When analyzing the quality of companies, investors often focus on financial metrics such as earnings growth or balance sheet strength. And while financial statistics are certainly an integral part of any investment analysis, investors can benefit by looking to non-traditional statistics to find high-quality companies.
Two areas that are often indicators of a great company are employee and customer satisfaction. Large companies strive to maximize value for all stakeholders, not just shareholders.
Two metrics investors can use to measure customer and employee loyalty are Net Promoter Scores and Glassdoor Ratings.
Net Promoter Scores
The net promoter score (NPS) is a measure of how likely a brand’s customers are to promote it to others. It is produced by conducting a simple survey that asks how likely a customer is to recommend the product or service to a friend. Not every company will take the time to conduct these surveys, but those who take their brand image seriously will hire third-party marketing agencies to survey their customers on an annual or semi-annual basis.
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The NPS is derived by subtracting the percentage of detractors (probably not recommending the product) from the percentage of promoters (most likely recommended). The resulting score ranges from minus 100 to 100.
A negative score is a big red flag as it means the majority of customers would not recommend the product, while a score above 60 is generally considered the mark of a highly regarded brand.
Marketing agency Invesp estimates that word of mouth accounts for $6 trillion in annual consumer spending and is five times more effective than paid marketing. So a high NPS score not only indicates that customers love a company’s products, but it also means that the company probably needs to spend less on marketing to drive sales.
To find a company’s NPS, you have to do some digging. The company’s investor relations page is a good place to start, as companies with high scores often share these in presentations or letters to shareholders.
There are also companies like Comparably, which conduct its own independent NPS surveys of hundreds of major brands.
Footwear clothing company allbirds (NASDAQ: BIRD) shared its impressive Net Promoter Score of 86 in its most recent investor presentation. Customer loyalty for this brand is best-in-class, which is why the company reports that more than 50% of its revenue comes from repeat customers.
The strength of a company’s brand can be difficult to measure simply by looking at its financial data. Fortunately, Net Promoter scores offer investors an alternative measure of customer sentiment.
Happiness at work is another good indicator of a strong company.
Glassdoor provides incredibly valuable insights into a company’s employee sentiment. You can read employee reviews, see how likely they are to recommend their employer to a friend, and even find the percentage of employees who approve of the CEO.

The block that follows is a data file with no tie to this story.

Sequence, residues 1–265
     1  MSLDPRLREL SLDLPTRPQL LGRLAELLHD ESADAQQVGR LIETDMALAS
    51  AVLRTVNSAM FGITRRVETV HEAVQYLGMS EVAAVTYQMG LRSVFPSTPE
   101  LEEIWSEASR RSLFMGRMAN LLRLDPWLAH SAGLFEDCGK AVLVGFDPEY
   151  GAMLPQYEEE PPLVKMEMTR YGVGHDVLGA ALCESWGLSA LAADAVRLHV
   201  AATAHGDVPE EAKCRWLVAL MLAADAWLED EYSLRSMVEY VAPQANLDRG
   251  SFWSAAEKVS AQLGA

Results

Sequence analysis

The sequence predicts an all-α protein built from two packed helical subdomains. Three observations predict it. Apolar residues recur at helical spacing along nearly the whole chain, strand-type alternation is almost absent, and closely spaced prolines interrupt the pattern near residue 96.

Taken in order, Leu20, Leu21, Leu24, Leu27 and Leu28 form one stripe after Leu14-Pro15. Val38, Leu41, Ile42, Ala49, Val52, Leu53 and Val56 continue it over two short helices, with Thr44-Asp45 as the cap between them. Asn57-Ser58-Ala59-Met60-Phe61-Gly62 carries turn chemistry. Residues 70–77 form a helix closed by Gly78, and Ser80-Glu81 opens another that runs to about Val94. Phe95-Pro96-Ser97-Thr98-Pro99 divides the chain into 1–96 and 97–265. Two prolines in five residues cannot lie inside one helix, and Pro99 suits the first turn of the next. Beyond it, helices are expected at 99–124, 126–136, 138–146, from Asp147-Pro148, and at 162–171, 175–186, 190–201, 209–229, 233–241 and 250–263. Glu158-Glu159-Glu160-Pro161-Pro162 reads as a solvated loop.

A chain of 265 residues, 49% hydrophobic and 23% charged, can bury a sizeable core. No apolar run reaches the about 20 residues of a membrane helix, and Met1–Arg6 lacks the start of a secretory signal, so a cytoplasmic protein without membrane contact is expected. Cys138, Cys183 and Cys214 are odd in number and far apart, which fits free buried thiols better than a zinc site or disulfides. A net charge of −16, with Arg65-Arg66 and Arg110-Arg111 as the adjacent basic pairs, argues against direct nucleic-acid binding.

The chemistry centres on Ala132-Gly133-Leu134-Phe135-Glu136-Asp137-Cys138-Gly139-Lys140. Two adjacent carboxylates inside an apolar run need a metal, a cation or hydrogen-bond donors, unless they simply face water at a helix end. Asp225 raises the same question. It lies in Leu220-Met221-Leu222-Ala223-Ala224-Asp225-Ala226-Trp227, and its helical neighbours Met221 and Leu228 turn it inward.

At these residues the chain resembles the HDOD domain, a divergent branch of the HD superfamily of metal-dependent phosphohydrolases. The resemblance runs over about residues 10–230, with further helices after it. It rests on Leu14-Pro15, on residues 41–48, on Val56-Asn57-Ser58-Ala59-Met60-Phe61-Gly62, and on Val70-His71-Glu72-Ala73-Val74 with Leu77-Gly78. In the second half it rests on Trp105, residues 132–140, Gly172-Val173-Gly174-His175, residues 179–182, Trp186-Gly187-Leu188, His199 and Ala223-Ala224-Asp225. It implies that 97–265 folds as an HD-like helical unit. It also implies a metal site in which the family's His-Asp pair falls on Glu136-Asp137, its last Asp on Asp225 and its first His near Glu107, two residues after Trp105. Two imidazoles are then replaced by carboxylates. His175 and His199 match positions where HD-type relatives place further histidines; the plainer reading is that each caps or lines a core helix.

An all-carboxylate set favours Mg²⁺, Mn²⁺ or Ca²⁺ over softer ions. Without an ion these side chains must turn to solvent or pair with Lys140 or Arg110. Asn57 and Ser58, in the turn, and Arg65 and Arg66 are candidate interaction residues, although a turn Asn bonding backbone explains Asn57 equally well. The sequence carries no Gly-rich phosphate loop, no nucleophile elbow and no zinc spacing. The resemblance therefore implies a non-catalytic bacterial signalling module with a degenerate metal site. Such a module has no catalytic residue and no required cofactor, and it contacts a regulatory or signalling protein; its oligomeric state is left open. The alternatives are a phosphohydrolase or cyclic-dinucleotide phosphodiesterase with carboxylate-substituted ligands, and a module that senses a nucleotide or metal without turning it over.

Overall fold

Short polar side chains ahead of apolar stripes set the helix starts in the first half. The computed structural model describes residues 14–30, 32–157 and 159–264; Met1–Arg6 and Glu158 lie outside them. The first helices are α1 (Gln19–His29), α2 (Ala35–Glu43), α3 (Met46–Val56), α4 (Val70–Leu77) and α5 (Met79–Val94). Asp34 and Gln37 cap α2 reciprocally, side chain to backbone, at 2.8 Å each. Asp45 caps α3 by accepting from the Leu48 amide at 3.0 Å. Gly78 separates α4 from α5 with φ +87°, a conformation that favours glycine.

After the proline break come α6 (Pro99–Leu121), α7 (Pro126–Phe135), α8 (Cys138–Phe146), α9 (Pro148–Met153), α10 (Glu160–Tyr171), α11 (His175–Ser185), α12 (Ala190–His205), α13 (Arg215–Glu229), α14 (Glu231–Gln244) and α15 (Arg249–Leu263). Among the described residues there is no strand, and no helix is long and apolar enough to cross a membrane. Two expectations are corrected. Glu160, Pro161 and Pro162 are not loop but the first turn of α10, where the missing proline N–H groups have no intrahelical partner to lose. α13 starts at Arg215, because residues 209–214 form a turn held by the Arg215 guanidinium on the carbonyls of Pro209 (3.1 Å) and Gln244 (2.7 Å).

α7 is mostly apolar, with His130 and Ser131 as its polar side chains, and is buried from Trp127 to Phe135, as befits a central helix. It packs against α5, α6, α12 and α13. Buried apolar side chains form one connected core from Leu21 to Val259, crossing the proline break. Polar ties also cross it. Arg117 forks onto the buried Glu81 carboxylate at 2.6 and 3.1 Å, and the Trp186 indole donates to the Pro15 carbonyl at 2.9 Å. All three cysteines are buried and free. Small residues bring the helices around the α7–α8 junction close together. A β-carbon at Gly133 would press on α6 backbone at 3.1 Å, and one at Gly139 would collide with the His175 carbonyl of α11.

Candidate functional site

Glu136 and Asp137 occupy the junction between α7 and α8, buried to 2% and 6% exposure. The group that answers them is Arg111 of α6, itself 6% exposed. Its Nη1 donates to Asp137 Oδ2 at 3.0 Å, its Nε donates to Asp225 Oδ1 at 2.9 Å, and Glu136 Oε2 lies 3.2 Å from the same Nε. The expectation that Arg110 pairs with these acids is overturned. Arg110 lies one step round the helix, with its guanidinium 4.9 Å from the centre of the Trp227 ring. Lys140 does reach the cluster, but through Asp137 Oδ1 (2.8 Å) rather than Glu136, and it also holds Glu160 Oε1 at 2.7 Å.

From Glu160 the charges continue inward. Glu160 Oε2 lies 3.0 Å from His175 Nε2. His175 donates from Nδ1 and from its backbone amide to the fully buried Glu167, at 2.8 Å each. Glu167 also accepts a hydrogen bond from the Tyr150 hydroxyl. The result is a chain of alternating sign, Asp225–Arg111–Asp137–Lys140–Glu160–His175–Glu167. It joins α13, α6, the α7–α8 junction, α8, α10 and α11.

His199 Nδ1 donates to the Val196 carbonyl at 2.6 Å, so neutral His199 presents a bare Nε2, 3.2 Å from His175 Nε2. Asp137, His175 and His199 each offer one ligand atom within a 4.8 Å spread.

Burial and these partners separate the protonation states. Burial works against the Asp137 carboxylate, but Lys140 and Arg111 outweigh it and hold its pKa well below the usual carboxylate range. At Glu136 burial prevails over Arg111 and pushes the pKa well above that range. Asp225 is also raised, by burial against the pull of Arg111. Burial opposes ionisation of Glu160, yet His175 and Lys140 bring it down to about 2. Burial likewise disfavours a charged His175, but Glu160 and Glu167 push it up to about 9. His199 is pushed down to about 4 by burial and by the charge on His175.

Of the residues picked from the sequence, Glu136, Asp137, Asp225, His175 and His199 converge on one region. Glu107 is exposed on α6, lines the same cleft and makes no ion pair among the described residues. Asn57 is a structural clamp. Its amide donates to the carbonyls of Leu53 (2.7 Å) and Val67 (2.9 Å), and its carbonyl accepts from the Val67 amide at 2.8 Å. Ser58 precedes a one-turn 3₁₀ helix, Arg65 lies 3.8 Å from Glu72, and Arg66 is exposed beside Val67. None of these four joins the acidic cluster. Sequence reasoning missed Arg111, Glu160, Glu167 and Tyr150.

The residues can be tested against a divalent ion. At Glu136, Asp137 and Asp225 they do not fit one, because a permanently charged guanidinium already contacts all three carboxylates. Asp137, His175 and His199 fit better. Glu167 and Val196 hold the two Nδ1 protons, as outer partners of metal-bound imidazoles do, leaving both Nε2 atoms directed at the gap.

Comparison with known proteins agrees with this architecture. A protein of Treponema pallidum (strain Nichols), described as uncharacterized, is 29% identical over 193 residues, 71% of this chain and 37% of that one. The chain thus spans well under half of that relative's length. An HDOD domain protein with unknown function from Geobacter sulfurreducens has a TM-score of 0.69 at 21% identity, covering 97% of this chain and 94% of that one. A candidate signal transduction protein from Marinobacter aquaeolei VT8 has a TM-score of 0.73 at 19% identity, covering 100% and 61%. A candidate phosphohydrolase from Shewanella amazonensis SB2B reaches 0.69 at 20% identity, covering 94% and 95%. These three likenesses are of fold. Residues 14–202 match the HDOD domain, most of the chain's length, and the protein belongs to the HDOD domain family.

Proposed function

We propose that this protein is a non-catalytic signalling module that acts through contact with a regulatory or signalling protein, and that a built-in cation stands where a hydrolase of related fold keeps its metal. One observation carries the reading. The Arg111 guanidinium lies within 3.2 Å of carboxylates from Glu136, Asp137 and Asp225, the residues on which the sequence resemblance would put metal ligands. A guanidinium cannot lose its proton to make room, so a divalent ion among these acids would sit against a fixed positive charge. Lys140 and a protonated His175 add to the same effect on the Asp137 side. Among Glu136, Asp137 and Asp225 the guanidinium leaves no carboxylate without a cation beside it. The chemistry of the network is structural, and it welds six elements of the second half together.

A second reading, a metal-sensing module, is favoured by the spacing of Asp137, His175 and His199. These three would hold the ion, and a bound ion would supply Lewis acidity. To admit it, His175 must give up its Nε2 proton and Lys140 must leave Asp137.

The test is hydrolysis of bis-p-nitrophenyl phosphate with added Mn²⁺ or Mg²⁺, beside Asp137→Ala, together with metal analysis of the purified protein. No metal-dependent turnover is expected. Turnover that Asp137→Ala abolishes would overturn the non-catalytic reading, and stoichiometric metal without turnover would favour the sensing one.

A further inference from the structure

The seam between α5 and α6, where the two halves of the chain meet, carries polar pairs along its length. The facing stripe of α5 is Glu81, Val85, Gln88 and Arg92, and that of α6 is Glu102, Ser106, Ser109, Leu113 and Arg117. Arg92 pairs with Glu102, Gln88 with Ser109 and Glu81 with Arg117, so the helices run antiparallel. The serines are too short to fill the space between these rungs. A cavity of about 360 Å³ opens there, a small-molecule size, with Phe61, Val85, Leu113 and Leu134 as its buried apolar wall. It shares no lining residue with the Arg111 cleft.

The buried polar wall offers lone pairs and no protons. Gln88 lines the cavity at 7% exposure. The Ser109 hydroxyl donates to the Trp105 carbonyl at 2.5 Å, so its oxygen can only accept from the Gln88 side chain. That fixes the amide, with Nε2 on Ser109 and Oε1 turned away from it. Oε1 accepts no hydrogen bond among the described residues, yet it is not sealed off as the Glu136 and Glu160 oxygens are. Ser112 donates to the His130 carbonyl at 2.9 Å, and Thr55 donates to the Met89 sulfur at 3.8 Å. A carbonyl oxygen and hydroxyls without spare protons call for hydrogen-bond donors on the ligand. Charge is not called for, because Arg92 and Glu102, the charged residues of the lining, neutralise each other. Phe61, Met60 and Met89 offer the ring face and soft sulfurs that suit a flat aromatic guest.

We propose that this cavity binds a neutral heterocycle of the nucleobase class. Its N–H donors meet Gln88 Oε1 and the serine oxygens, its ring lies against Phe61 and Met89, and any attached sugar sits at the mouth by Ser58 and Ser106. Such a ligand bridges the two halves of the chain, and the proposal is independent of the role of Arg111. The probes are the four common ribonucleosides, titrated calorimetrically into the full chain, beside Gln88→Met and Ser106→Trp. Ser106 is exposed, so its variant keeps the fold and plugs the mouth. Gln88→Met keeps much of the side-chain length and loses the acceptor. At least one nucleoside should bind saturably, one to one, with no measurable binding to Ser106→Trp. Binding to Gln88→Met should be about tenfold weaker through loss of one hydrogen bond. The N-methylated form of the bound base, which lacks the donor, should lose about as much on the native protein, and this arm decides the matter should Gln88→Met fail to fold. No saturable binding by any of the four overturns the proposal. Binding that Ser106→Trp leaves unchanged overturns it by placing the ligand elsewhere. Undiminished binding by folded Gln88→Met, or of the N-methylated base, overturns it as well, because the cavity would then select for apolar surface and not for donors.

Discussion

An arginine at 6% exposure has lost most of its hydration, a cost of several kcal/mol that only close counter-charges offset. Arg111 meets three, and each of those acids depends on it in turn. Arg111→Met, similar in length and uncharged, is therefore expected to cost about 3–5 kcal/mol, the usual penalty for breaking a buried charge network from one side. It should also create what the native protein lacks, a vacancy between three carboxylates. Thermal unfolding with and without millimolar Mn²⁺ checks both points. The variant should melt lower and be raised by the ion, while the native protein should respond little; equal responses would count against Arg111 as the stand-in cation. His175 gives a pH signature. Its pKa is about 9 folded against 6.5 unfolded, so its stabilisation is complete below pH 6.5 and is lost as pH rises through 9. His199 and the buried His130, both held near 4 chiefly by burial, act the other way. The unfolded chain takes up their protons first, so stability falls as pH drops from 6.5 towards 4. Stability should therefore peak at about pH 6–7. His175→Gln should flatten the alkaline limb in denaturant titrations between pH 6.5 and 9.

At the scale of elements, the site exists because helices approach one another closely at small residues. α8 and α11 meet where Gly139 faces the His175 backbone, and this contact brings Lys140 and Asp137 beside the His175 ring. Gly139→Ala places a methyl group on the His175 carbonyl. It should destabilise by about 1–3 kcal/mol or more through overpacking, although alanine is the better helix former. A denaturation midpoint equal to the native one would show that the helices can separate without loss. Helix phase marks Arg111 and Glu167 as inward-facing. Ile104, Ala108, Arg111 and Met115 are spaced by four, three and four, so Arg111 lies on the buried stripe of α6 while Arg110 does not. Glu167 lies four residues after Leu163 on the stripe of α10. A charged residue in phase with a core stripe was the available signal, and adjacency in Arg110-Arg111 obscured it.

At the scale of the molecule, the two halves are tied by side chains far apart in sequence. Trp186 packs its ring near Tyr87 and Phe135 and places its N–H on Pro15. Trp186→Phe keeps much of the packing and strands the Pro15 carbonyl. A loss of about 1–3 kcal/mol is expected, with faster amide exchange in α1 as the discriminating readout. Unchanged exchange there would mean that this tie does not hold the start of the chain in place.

This is a wealth of data that many investors miss by looking solely at financial statements during their research. Many of the best companies in the world, such as: Alphabet (NASDAQ: GOOG) and Amazon (NASDAQ: AMZN) have remained industry leaders for many years because of their ability to attract top talent to their employees.
in 2021, Gartner (NYSE: IT) found that 48% of companies in a survey had serious concerns about mass revenue. Not only is employee turnover extremely costly, it can also be very disruptive to business operations.
Positive Glassdoor reviews and ratings can thus give investors confidence that a company is both attracting and, more importantly, retaining top talent.
Zoom video communication (NASDAQ:ZM) is a perfect example of a company with incredibly high Glassdoor stats. Eighty-eight percent of employees say they would recommend the company to a friend, and a whopping 94% of employees approve of CEO Eric Yuan.
While the company’s stock has taken a beating due to recent risk-off sentiment in the market, Glassdoor’s reviews show that a strong company is loved by its employees.
Thinking outside the box
Long-term investors can give themselves an edge by thinking outside the box when conducting their research. Net Promoter Scores and Glassdoor Reviews are two ways you can gain unique insights into a company’s strength in pursuing competitive returns. Remember, as with traditional metrics like those on the balance sheet or income statement, it’s important to consider the whole picture of a company and not make investment decisions based on a single feature or number.
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Suzanne Frey, an executive at Alphabet, serves on the board of directors of The Motley Fool. John Mackey, CEO of Whole Foods Market, an Amazon subsidiary, serves on the board of directors for The Motley Fool. Mark Blank holds positions in Zoom Video Communications. The Motley Fool holds positions in and recommends Alphabet (A shares), Alphabet (C shares), Amazon and Zoom Video Communications. The Motley Fool recommends Gartner. The Motley Fool has a disclosure policy.